The Accusations of the Jews
Text: Matthew 27 : 1 - 31
Pilate was puzzled. He had received many complaints against Jesus! How should he proceed?
“And while He was being accused by the chief priests and elders,
He answered nothing. Then Pilate said to Him, ‘Do You not hear
how many things they testify against You?’
But He answered him not one word, so that the governor
Matthew did not make a list of the things that Jesus was accused of, except to say that there were “many things” spoken against Him. In recording the trial of Jesus before the Sanhedrin Council, it was already noted that the charges against Jesus were spurious, and therefore there really was no need to make a list of these accusations.
1. Pilate was concerned
He felt concerned because there were so many charges laid against Jesus! Surely, any ordinary man would be concerned about defending himself, if his life depended on it.
2. Jesus was unconcerned
The silence of Jesus baffled Pilate. He appeared totally unconcerned about the many charges of His accusers!
3. Pilate was impressed
Obviously, he had never come across a man like Jesus! How could He remain as serene and as composed as He was!
a) Silence did not mean “defeat”
Jesus did not give the impression that He was resigned to being defeated by so many enemies!
b) Silence reflected an inner peace
The silence of Jesus was so different! There was a sense of calmness that defied logical explanation! How could a man face the prospect of being crucified with such calmness?
A PECULIAR CUSTOM
How was Rome’s justice administered in the provinces? We have an almost classic example seen in the way Pilate handled the case of The Jews versus Jesus.
“Now at the feast the governor was accustomed to releasing
to the multitude one prisoner whom they wished.”
This was not something that every Roman governor practised. This gesture was a display of brinkmanship on the part of Pilate.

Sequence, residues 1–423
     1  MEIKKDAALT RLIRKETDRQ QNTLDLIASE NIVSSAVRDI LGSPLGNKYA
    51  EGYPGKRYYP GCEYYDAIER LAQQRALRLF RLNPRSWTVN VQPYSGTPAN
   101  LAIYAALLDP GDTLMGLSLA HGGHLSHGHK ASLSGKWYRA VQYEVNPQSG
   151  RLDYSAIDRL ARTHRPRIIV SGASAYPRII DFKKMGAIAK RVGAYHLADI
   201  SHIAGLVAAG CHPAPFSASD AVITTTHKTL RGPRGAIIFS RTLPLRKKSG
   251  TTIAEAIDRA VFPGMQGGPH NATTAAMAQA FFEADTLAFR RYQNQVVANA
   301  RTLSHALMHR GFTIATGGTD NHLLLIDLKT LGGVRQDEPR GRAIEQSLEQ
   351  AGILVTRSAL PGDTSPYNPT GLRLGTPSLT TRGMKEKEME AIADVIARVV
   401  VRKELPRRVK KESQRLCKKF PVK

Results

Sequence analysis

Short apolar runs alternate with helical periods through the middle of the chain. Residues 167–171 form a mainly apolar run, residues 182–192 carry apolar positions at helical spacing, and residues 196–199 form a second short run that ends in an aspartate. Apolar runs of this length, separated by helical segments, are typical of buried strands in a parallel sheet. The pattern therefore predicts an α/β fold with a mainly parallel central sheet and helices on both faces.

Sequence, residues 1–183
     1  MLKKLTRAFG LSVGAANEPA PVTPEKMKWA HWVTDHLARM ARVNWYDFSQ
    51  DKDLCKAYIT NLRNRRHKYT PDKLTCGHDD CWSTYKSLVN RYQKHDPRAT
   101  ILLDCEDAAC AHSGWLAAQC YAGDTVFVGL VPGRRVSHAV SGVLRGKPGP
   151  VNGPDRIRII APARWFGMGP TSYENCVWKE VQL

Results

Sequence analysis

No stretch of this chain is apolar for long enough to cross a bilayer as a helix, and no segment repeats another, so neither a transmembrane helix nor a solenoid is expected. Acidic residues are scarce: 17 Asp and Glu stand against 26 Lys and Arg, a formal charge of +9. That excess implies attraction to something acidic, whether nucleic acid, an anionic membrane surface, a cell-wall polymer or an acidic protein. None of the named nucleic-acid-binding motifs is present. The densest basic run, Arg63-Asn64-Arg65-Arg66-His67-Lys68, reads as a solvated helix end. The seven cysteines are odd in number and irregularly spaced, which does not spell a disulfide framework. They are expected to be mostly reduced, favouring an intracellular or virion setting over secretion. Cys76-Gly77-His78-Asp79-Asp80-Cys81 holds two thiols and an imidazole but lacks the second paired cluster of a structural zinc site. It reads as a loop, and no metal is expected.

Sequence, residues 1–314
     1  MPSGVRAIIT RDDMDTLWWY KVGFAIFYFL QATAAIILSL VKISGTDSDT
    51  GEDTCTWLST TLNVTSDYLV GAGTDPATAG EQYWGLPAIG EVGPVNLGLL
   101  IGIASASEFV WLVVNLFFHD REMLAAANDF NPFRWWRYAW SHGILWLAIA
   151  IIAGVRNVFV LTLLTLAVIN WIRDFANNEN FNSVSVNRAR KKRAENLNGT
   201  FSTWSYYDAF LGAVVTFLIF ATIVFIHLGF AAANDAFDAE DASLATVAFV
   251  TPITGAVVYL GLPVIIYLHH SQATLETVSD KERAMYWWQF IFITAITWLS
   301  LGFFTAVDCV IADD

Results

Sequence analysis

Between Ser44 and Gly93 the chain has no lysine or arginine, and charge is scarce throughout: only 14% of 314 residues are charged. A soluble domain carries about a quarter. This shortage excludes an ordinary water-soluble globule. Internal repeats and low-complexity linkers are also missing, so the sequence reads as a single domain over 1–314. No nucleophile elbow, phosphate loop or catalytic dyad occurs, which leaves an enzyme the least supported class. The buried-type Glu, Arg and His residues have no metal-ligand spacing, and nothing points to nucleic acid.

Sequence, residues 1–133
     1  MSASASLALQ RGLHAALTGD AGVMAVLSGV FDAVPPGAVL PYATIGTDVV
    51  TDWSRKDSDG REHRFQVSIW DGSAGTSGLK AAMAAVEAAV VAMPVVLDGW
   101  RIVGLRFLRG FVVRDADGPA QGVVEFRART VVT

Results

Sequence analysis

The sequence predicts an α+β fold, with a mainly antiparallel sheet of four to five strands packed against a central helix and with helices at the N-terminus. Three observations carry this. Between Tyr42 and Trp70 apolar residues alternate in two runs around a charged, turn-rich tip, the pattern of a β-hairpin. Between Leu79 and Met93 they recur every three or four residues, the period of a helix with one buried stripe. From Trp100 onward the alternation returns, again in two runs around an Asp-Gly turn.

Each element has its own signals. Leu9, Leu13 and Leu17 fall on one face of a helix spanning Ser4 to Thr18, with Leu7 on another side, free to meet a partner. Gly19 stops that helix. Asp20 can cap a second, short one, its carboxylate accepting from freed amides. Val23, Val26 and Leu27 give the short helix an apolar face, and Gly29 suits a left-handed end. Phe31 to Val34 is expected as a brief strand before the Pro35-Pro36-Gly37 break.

1. It displayed the power of Rome
Imprisonment displayed the might and power of Rome. Pilate upheld the might of Rome by exercising the right to imprison or to release a prisoner.
2. It was an attempt to magnify his own personal stature
Pilate figured that if he were to release a prisoner on the Feast of the Unleavened Bread, a major event in the Jewish religious calendar, he could win some political points with the masses.
3. It was an attempt to placate the difficult Jewish population
Rome had more than 40 provinces to look after. Few were as difficult to rule as Judea and Samaria. As a political move, Pilate made it his custom to release a prisoner of their choice. The release of one prisoner a year may not seem like much, but surely he couldn’t be expected to release more!
AN ATTEMPT AT BARGAINING
Pilate figured that the Jews couldn’t pass up the bargain that he was going to offer them. He had seen how the Jews traded. He had seen how successful some of the businessmen were. If anyone knew how to bargain, the Jews did. Surely, the Jews would choose the correct decision.
“And at that time they had a notorious prisoner
called Barabbas. Therefore, when they had gathered together,
Pilate said to them, ‘Whom do you want me to release to you?
Barabbas, or Jesus who is called Christ?’
For he knew that they had handed Him over because of envy.”
1. Notorious Barabbas versus Jesus
Pilate figured that with a toss-up like that, surely the Jews would choose Jesus! The synoptist Mark made this observation concerning Barabbas.
“And there was one named Barabbas,
who was chained with his fellow-rebels;
they had committed murder in the rebellion.”
A rebel and a murderer to boot! Surely the choice couldn’t be clearer or simpler? In Pilate’s mind, any normal, thinking person would have preferred to keep Barabbas in prison.
2. Because of envy
As Pilate analysed the case before him, he came to an obvious fact. The Jews envied Jesus to the point of hatred! But surely there were limits to envious hatred?